Colorado wildfires update: Potential growth of Cameron Peak, Mullen fires remains “very high” over next 3 days

Warm, dry weather continues its grip in northern Colorado and the extreme conditions continue to stoke multiple wildfires while raising air quality concerns.

Potential spreading and growth of the Cameron Peak and Mullen fires remain “very high with little change in forecast weather conditions over the next three days,” according to fire officials.

Cameron Peak fire

The Cameron Peak fire, burning in Larimer County since Aug. 13, has scorched 128,149 acres, about 200-square miles, and it is 42% contained as of Wednesday morning, fire officials said.

On Tuesday firefighters discovered a new spot fire outside the containment line on the northwest side of the fire. Crews quickly worked in that area, forming a line around the spot and stopping its growth after just “a couple of acres,” fire command said in a Wednesday morning update.

Fire crews on Tuesday worked in Rocky Mountain National Park, on the Colorado State University Mountain Campus, and in an area between Beaver Creek and Comanche Reservoir.

Two massive smoke columns, fueled by the weather, developed Tuesday in interior sections of the fire. Major smoke plumes are expected again on Wednesday and into the weekend.

The Colorado Department of Public Health and Environment has issued an air quality health advisory for northern Colorado through 4 p.m. Wednesday because of wildfire smoke.

The alert area includes all of the Eastern Plains north of Interstate 70, the Front Range from the Wyoming state line to Castle Rock, and it extends into the mountains from Georgetown north to the state line.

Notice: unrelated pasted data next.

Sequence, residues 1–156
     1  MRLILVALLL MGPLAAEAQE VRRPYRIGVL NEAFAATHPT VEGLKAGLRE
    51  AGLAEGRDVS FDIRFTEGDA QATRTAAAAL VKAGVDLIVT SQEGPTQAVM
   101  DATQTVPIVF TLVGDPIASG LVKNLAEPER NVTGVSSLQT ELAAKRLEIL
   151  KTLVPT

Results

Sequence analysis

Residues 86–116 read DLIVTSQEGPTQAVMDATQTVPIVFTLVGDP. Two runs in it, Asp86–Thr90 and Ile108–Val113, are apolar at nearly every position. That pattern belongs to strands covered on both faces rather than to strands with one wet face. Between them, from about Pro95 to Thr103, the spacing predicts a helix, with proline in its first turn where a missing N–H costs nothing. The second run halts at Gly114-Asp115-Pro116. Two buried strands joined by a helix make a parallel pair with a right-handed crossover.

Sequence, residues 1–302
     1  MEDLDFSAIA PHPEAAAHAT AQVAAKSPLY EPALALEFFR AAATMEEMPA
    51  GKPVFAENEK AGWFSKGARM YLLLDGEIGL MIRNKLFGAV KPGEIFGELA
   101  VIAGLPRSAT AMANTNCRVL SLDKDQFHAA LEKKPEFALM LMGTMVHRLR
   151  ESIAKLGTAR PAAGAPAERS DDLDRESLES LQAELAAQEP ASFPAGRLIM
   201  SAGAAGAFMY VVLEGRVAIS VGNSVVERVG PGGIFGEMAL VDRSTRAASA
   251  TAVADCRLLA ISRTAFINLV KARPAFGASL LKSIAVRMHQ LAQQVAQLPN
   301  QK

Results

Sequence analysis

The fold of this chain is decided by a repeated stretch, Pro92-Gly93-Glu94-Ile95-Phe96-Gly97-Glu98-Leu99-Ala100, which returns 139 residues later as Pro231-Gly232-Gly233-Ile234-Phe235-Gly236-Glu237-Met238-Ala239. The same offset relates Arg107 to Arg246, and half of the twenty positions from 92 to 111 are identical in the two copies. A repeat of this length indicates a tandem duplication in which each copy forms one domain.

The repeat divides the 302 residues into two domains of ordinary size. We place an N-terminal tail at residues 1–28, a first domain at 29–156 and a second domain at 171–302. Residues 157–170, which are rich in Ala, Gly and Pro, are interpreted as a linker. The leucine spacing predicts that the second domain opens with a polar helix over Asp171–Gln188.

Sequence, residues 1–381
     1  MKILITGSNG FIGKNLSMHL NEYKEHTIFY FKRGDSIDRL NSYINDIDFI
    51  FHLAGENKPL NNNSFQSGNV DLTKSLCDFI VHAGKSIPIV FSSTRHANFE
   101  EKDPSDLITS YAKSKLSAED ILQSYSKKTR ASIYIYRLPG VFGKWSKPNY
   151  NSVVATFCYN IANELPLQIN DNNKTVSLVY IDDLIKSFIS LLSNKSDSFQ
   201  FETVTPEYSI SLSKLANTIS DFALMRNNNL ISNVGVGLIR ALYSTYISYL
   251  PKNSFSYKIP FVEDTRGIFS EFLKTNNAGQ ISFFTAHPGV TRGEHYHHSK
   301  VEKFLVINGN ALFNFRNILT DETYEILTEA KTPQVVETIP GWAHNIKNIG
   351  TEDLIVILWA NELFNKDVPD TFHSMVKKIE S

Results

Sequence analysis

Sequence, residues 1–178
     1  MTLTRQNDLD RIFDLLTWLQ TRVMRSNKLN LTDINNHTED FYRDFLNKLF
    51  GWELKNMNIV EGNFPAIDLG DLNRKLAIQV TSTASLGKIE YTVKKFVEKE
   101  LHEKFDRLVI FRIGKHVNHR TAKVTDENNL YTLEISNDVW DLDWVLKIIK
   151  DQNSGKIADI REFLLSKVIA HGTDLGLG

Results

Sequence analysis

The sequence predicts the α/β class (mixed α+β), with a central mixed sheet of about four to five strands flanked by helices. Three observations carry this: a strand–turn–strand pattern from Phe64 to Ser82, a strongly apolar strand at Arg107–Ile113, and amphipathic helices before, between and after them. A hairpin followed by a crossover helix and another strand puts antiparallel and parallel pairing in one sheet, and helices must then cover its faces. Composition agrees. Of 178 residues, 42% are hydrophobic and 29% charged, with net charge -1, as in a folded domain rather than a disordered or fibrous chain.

Smoke has been moderate to heavy Wednesday morning in areas of northeastern and north central Colorado and forecasters expect the smoke to linger throughout the day, “especially for locations along the Platte River Valley,” according to the National Weather Service.

Mullen fire

The Mullen fire, burning 38 miles west of Laramie, Wyo., and over the state line into north central Colorado, has scorched 161,151 acres, almost 252-square miles, as of Wednesday morning, according to fire officials. The massive fire, which started on Sept.17, is 14% contained.

Weather conditions at the Mullen fire are similar to Cameron Peak fire conditions. Mullen fire officials expect the fire to be active on Wednesday as it burns through dead and downed timber in unseasonably warm and dry weather. Winds at the Mullen fire were light Wednesday morning, but wind gusts are expected to climb into the 20 mph range during the afternoon. Winds on Thursday are expected to increase, into the 25 to 30 mph range.

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